Even stalwart supporters got cold feet about attaching the cannabis package to the NDAA. Cramer and Tommy Tuberville (R-Ala.), who both support the banking bill, said a defense spending package wasn’t the place for it. “It dilutes the proper role of this place,” Cramer said, suggesting that the deal be given a full committee markup and floor time instead.
The NDAA isn’t the last piece of legislation that will likely be passed in the lame duck, but the same obstacles will apply to an omnibus funding package that’s being negotiated. Simply put, if McConnell remains opposed to SAFE, it won’t make it into a major package.
But the bill isn’t dead yet: Paul is still bullish on its prospects, saying he is confident there are more than 60 senators in favor of SAFE if it were to receive a standalone floor vote. Democrats left this until the last minute, though, and the chances that the Senate can find any floor time for a standalone SAFE “plus” package before the end of the year are slim....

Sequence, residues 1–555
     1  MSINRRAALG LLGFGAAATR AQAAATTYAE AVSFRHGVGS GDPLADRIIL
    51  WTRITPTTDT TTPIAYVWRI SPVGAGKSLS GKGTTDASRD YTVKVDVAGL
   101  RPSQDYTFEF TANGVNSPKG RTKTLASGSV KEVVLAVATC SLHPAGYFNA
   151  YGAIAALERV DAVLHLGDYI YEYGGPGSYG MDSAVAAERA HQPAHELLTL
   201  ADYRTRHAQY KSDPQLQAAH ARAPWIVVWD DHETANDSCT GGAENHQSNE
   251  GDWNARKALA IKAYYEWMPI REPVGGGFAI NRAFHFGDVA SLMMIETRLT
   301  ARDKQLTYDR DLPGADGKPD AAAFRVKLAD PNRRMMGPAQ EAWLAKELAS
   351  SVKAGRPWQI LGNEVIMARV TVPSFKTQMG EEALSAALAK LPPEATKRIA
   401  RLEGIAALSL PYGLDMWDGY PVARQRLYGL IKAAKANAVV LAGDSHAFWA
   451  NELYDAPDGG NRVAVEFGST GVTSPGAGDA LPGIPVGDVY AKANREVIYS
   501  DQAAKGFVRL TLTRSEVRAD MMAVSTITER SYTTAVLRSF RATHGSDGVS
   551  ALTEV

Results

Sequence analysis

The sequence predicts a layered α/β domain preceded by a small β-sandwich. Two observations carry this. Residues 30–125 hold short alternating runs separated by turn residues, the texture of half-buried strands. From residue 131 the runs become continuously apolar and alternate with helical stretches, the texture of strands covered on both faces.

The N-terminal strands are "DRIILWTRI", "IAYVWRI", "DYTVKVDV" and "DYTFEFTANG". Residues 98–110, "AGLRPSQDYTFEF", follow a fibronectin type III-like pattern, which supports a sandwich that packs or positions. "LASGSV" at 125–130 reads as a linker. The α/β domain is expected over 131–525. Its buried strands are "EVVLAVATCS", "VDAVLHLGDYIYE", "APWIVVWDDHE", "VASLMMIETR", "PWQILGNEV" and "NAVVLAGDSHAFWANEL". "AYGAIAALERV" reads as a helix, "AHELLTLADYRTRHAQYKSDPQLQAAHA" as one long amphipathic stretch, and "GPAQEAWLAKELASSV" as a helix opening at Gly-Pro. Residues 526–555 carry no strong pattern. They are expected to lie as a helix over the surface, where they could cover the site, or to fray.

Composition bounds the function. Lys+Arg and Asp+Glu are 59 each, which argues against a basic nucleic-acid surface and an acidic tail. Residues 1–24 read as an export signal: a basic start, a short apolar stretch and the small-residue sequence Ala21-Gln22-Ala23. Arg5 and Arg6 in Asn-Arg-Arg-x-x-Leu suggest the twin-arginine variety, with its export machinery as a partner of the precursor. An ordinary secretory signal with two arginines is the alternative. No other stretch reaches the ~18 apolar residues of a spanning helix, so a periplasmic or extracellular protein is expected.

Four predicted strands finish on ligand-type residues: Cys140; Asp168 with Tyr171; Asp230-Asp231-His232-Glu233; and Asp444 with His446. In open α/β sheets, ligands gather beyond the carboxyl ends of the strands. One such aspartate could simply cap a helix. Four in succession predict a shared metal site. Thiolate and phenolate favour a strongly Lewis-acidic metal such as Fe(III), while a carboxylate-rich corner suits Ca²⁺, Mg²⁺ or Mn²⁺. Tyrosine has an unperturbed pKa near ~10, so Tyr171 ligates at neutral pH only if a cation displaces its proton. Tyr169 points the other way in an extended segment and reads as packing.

Daines said he’s focused on getting something passed before the end of the year, but other GOP supporters, including Tuberville, said they may just need to deal with it in the next year. Republicans are set to take over the House in January, dimming the chances for SAFE. House Minority Leader Kevin McCarthy has voted in favor of the bill, but he hasn’t signaled that cannabis is something he wants to spend time on.
It may be that after more than three years of trying to see SAFE passed, Democrats took a gamble with the lame duck and ran out of time to get it passed.